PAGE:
Lighting Applications | Aug 07, 2013

ETC Source Four LED™ Lights World’s Longest Viking Ship

Around 1025 AD, a fierce 120-foot Viking warship of the Danish fleet rode the northern waves. Excavated in 1997 from a Roskilde fjord bed, the ship has now been partly restored. A massive steel skeleton has been built around its wooden remains. Roskilde 6 makes a new ‘voyage,’ in the National Museum of Denmark’s exhibit Viking, June 22nd-November 17th, 2013. ETC’s Source Four LED™ fixtures, controlled by an ETC Ion® console and Unison Paradigm® system, bring the vessel to light.

Says lighting designer Hans Henrik Schmidt, “This is the first such use of LED lighting in a museum in Denmark, and exhibition reviews that we’ve seen which mention the lighting have been overwhelmingly positive.”

Schmidt worked with ETC dealer Bico Professionel and the museum’s head of AV, Michael Bjørn, to come up with the exciting lighting scheme that would highlight the ship and surrounding exhibits. “The managers were keen to use ETC’s energy-efficient LED technology because of the quality of light and appropriate color-rendering index values,” explains Schmidt.

But the most important aspect of the lighting from the museum’s point of view was that the light output not damage the exhibits, which included the ship and artifacts. “We recommended ETC Source Four LED Lustr+™ for their low heat and minimal UV output. Even though they have indigo LED emitters, which would highlight whites just like a black light, there is virtually no UV, which could damage the 1,000-year-old ship.”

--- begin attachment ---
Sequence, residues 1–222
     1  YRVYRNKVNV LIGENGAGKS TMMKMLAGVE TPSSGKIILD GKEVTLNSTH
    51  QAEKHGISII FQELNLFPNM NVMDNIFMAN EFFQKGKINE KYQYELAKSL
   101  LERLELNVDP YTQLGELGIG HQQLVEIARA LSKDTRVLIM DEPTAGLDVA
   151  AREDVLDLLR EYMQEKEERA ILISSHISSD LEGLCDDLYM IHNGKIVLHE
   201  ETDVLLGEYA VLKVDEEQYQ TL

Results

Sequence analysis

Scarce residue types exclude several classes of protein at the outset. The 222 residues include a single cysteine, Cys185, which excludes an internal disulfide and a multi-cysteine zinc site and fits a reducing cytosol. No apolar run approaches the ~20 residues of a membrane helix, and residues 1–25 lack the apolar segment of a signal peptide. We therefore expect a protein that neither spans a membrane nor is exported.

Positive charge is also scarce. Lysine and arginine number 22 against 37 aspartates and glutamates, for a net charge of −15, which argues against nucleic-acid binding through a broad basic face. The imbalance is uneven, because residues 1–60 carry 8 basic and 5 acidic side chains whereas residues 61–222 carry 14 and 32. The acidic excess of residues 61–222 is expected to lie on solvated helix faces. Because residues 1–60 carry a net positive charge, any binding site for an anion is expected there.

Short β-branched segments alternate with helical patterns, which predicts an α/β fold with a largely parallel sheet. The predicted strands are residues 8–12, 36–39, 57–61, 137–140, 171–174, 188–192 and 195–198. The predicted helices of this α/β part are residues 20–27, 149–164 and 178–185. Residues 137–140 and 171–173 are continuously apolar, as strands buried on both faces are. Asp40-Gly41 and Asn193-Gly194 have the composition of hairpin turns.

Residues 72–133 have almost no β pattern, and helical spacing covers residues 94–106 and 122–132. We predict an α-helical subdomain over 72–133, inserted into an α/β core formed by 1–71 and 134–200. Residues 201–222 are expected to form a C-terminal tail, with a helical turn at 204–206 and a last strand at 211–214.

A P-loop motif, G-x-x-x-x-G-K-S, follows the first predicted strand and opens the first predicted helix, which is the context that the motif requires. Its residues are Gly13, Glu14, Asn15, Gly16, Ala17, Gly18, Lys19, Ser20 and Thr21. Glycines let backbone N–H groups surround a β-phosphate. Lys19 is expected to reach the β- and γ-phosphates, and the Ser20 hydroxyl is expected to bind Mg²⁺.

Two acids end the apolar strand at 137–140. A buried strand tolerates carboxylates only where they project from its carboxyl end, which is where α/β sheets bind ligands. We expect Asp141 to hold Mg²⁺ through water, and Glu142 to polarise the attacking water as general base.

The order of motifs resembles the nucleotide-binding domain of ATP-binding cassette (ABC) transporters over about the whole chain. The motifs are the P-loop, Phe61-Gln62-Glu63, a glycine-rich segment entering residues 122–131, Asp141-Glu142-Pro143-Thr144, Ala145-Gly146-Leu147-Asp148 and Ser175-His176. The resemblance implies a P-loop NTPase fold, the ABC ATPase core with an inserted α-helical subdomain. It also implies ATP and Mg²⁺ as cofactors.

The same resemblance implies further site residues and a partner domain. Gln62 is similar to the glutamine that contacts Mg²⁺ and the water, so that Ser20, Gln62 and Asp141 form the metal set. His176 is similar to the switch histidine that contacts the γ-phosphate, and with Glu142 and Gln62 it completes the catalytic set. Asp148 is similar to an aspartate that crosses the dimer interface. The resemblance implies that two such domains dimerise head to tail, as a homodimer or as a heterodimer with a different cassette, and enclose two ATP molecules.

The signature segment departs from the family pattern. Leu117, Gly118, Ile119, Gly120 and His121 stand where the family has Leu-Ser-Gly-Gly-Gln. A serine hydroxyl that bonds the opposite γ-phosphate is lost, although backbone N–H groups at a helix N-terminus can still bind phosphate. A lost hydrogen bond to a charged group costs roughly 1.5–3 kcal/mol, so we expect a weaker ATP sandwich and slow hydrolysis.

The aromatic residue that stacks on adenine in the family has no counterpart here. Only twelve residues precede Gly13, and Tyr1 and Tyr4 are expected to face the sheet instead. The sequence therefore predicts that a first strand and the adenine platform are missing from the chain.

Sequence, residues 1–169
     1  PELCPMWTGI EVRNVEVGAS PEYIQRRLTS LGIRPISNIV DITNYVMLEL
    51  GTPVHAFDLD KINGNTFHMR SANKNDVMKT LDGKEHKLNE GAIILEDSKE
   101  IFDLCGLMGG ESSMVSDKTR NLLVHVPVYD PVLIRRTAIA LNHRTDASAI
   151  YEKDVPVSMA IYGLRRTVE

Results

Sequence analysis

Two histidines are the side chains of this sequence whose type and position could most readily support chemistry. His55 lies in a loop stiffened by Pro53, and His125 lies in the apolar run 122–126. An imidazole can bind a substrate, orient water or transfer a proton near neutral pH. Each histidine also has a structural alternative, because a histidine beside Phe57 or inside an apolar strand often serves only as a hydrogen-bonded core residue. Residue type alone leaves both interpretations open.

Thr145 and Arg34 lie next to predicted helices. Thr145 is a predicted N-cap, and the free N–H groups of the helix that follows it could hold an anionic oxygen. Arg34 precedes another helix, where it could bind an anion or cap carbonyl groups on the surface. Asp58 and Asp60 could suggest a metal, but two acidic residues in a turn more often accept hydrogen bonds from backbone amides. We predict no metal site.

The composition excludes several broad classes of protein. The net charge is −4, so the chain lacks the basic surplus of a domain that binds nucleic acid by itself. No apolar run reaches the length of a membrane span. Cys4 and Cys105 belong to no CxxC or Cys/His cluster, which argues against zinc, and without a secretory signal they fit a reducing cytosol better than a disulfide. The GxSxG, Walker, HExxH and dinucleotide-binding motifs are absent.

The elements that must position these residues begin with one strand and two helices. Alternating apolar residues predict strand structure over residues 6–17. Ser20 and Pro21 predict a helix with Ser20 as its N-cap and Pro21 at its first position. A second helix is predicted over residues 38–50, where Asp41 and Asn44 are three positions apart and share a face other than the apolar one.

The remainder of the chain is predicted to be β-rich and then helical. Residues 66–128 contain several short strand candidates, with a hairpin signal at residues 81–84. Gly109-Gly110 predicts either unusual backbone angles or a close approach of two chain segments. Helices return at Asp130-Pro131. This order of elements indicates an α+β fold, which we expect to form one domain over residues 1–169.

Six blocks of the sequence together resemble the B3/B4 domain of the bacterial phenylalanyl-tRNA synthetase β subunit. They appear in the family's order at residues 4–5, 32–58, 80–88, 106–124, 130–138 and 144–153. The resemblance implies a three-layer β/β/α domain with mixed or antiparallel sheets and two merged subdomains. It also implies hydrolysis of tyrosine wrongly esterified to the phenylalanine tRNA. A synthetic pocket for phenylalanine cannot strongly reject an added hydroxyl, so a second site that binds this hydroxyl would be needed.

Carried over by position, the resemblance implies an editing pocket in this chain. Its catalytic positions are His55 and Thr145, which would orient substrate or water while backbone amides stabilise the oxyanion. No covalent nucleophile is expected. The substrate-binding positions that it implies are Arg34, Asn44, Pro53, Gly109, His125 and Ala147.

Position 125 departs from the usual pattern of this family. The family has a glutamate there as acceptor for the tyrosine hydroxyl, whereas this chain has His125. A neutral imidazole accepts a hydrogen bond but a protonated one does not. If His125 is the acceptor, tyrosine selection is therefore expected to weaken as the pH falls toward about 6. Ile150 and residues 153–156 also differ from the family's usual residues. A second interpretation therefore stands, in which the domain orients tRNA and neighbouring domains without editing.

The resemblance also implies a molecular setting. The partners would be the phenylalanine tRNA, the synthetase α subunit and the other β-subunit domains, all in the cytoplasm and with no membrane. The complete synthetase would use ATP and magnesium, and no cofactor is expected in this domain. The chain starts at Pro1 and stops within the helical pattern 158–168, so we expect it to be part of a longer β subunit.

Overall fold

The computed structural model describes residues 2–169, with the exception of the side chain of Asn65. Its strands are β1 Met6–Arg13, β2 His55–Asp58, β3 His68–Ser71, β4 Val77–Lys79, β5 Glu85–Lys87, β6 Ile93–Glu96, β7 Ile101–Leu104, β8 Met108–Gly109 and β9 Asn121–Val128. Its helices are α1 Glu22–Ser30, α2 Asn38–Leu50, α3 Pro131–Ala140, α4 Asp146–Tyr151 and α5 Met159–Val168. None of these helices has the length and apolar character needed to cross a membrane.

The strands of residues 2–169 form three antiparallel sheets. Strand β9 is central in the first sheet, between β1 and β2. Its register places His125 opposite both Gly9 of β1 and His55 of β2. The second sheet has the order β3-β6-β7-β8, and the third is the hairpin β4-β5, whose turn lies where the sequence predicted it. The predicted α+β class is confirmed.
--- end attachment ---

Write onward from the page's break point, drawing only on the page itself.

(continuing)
The Lustr+ fixtures are also used to enhance the backdrop of video projections of animated Viking invasions. “I analyzed the colors in the movie,” explains Schmidt, “and reflected them not only in the walls surrounding the screen but also the lighting on the ship itself. For example, when a city burns, or a ray of sunshine is seen in the film, the Lustr+ can produce warm yellows, reds, and oranges in the reflections. And when there is a flash of lighting, we see a strobe effect.”

All the lighting was programmed by freelance operator Jan Michael Jensen using an ETC Ion® control desk bought by the museum. “Because no one was allowed near the exhibit in case of harming it -- the fixtures all needed to be addressed remotely once they were in situ. RDM came in very handy.”

The show was then transferred to a Unison Paradigm® system using the snapshot function. “That way, the day-to-day lighting can be operated by minimally trained staff — such as gallery attendants, cleaners, and security,” says Schmidt. “Normally, the system can be started at the beginning of the day using a key-operated switch, and it runs a timed program that contains all cues and triggers for the video performance.”

Staff can use the panel to turn the system on or off, but other lighting adjustments can be carried out by authorized personnel via the Ion desk. The system is also designed to work with the existing halogen house lights as required.

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